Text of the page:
Voluntourism: see SA, do good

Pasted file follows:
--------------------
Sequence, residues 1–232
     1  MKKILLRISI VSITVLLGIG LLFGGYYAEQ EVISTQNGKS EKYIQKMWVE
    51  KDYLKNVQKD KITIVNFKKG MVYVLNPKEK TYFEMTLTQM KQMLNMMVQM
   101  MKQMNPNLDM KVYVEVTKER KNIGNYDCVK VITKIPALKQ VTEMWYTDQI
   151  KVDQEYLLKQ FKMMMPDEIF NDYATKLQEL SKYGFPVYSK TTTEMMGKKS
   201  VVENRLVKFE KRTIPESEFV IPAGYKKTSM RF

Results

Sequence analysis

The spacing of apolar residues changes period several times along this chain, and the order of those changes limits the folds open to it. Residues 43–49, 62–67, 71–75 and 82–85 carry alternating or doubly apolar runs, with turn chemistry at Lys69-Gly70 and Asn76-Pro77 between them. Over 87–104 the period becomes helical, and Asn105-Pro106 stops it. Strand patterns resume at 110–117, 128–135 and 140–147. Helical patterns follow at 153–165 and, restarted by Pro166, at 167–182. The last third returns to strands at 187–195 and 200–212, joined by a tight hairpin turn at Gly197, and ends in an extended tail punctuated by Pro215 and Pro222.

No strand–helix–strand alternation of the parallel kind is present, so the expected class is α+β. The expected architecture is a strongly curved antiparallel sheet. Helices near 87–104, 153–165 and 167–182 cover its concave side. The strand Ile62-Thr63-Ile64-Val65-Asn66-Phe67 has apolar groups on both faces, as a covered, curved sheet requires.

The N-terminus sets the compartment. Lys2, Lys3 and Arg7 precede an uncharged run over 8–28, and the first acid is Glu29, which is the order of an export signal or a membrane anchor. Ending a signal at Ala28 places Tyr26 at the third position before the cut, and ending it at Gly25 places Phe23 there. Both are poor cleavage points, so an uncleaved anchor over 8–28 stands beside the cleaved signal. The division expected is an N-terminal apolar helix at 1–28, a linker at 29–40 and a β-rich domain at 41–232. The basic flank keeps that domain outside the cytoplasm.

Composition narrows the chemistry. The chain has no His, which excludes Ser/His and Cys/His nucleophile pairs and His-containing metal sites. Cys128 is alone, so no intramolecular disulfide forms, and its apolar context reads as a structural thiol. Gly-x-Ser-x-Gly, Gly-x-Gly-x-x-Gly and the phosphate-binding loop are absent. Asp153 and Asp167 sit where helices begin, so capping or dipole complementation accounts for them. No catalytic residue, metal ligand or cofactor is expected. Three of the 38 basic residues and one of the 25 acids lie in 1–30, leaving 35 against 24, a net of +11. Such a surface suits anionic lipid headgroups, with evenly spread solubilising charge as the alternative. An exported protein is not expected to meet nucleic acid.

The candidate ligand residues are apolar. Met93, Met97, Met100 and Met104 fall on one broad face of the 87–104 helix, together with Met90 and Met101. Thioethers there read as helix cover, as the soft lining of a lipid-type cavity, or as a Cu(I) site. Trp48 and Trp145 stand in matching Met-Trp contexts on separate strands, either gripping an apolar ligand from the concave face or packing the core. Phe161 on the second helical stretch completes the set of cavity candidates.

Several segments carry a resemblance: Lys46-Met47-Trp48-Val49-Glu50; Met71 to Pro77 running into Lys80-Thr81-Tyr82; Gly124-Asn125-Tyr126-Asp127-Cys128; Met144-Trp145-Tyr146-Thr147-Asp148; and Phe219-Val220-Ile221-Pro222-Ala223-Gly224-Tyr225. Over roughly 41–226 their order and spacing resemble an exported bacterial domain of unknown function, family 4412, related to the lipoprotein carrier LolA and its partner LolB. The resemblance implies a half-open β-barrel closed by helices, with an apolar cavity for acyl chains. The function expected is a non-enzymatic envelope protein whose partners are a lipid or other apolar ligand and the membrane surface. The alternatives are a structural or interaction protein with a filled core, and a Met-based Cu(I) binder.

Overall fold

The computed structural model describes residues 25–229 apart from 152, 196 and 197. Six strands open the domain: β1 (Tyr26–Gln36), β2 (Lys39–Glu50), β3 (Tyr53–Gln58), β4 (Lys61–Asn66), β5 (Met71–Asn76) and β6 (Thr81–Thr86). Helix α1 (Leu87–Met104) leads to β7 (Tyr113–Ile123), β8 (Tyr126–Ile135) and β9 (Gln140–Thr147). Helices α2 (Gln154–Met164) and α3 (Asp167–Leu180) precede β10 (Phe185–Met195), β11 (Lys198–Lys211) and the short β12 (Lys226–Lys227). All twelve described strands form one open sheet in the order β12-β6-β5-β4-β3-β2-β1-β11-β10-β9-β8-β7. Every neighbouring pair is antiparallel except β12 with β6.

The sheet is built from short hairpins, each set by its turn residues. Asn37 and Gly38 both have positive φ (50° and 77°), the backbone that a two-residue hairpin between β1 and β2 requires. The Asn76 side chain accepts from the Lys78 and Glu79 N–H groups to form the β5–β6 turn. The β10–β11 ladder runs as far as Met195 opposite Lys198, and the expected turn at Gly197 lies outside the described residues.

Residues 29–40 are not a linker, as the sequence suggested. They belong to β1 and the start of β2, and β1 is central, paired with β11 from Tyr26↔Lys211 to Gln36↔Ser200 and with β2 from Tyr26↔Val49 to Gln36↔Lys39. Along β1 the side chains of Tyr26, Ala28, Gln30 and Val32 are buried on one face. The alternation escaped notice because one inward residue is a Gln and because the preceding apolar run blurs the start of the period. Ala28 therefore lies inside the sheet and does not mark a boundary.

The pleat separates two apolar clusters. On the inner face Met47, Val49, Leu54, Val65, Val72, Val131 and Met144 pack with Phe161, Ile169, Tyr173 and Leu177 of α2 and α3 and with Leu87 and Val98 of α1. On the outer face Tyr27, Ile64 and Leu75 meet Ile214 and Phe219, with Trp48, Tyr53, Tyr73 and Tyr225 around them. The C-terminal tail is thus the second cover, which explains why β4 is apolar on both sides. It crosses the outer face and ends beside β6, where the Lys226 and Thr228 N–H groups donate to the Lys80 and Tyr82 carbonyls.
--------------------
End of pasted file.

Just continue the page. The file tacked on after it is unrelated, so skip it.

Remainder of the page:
first_imgVolunteering in South Africa is a richlyrewarding experience. (Image: Aviva) MEDIA CONTACTS • Kam SantosPR, Cross-Cultural Solutions+1 914 632 0022RELATED ARTICLES• Tourism month kicks off in SA• Greening it up in Cape Town• Tourism remains strong in South AfricaJanine ErasmusVolunteering is an increasingly popular form of responsible tourism, otherwise known as voluntourism, and in South Africa opportunities abound for those who wish to do good while they enjoy the local sights and sounds.Volunteering in South Africa falls into two main categories: community- or conservation-based. There is an abundance of worthwhile projects located across the country.Organisations such as Aviva, All Africa Volunteers, Cross-Cultural Solutions and i-to-i, to name a few, facilitate volunteering trips to the country. Most are based locally. Some run their own programmes, while others merely suggest volunteering options – either way, with projects already screened and selected, it could not be easier.Invaluable experienceVolunteering not only gives tourists an opportunity to experience the country as a useful member of the community, but offers a host of other priceless benefits: self-growth, tolerance and understanding of other people and other cultures, new skills and new friends.Many travellers have been able to settle on a career through insight gained while working as a volunteer.“When I graduated from the University of Michigan in 2004 I had no idea what I wanted to do with my life,” wrote Hallie Stover of her South African experience with Willing Workers in South Africa (WWISA). “When I found the WWISA website I knew that this place [South Africa] would change my life.”After her return home, Stover was inspired to go back to university, where she submitted a thesis based on her experience with HIV/Aids youth prevention programmes. She now has a Master’s degree in International Politics and Human Rights.Stephen Thornburgh of Ireland, 23, spent his time with Aviva’s six-week penguin rehabilitation project. He described it, in a testimonial, as a “unique experience”.“With the project itself you get to do pretty much everything from cleaning and feeding to giving medication and learning about penguins and other coastal birds … it was the greatest time of my life which was really made by the people you meet and the activities you can do, like safari and shark cage diving.”Volunteers leave a legacy in indirect ways too – as they explore the country outside of their project, their support of local businesses, crafters and tourism operators results in upliftment for families and the community.Volunteer organisations agree that pitching in to do something tangible is a far better approach than merely donating money, which can lead to reliance on aid, corruption and financial instability. Volunteers, by donating their time and energy, help to set up a sustainable solution that outlasts the short-term effects of financial donations.Nuts and boltsVolunteer fees vary between organisations. The average price is around US$528 to $660 (R4 000 to R5 000) per week, but this is an inclusive fee which covers all programme-related costs such as airport transfers, accommodation, meals and transport.In most cases, once the host organisation has deducted their expenses, the rest of the fee goes to a local charity.The duration also differs from project to project, but most offer a stay of between two weeks and three months. Individuals as well as groups can be accommodated. Volunteers are responsible for arranging their own travel documentation, but host organisations provide all the information required.WWISA oversees a number of short- (two weeks) and medium-term (three weeks or more) projects. Short-term projects range from building new houses and renovating old ones, to children’s camps and environmental programmes.Medium-term projects include teaching at a nearby primary school, assisting at a daycare facility, teaching English as a second language, and microorganic farming in community gardens.All Africa Volunteers, based in the Eastern Cape province, has a wider range of projects covering wildlife, marine, sport, community and cultural issues. A wildlife sanctuary, great white shark and dolphin research, penguin rescue, a community surfing school and a pre-school are just some of the choices on offer.The Volunteer Centre in Cape Town takes volunteers into the townships, where they work amongst impoverished communities. The organisation also arranges six-month youth exchange programmes in partnership with Mozambique-based Ajude and Canada World Youth.UK-based i-to-i offers a variety of volunteer tours, mostly involving community and wildlife work. These include teaching children to read or working in a children’s hospital, animal rescue, and helping raise lion cubs.A number of travel organisations offer their own programmes, such as Cape Town’s Backpack and Africa Travel Centre which runs a football coaching and teaching volunteer project, or Dyer Island Cruises which gives volunteers the chance to learn about shark conservation.These are just a sample of the rewarding tours on offer for those willing to devote a slice of their time to uplifting the lives of humans or animals.Queries or comments? Contact Janine Erasmus at [email protected]last_img read more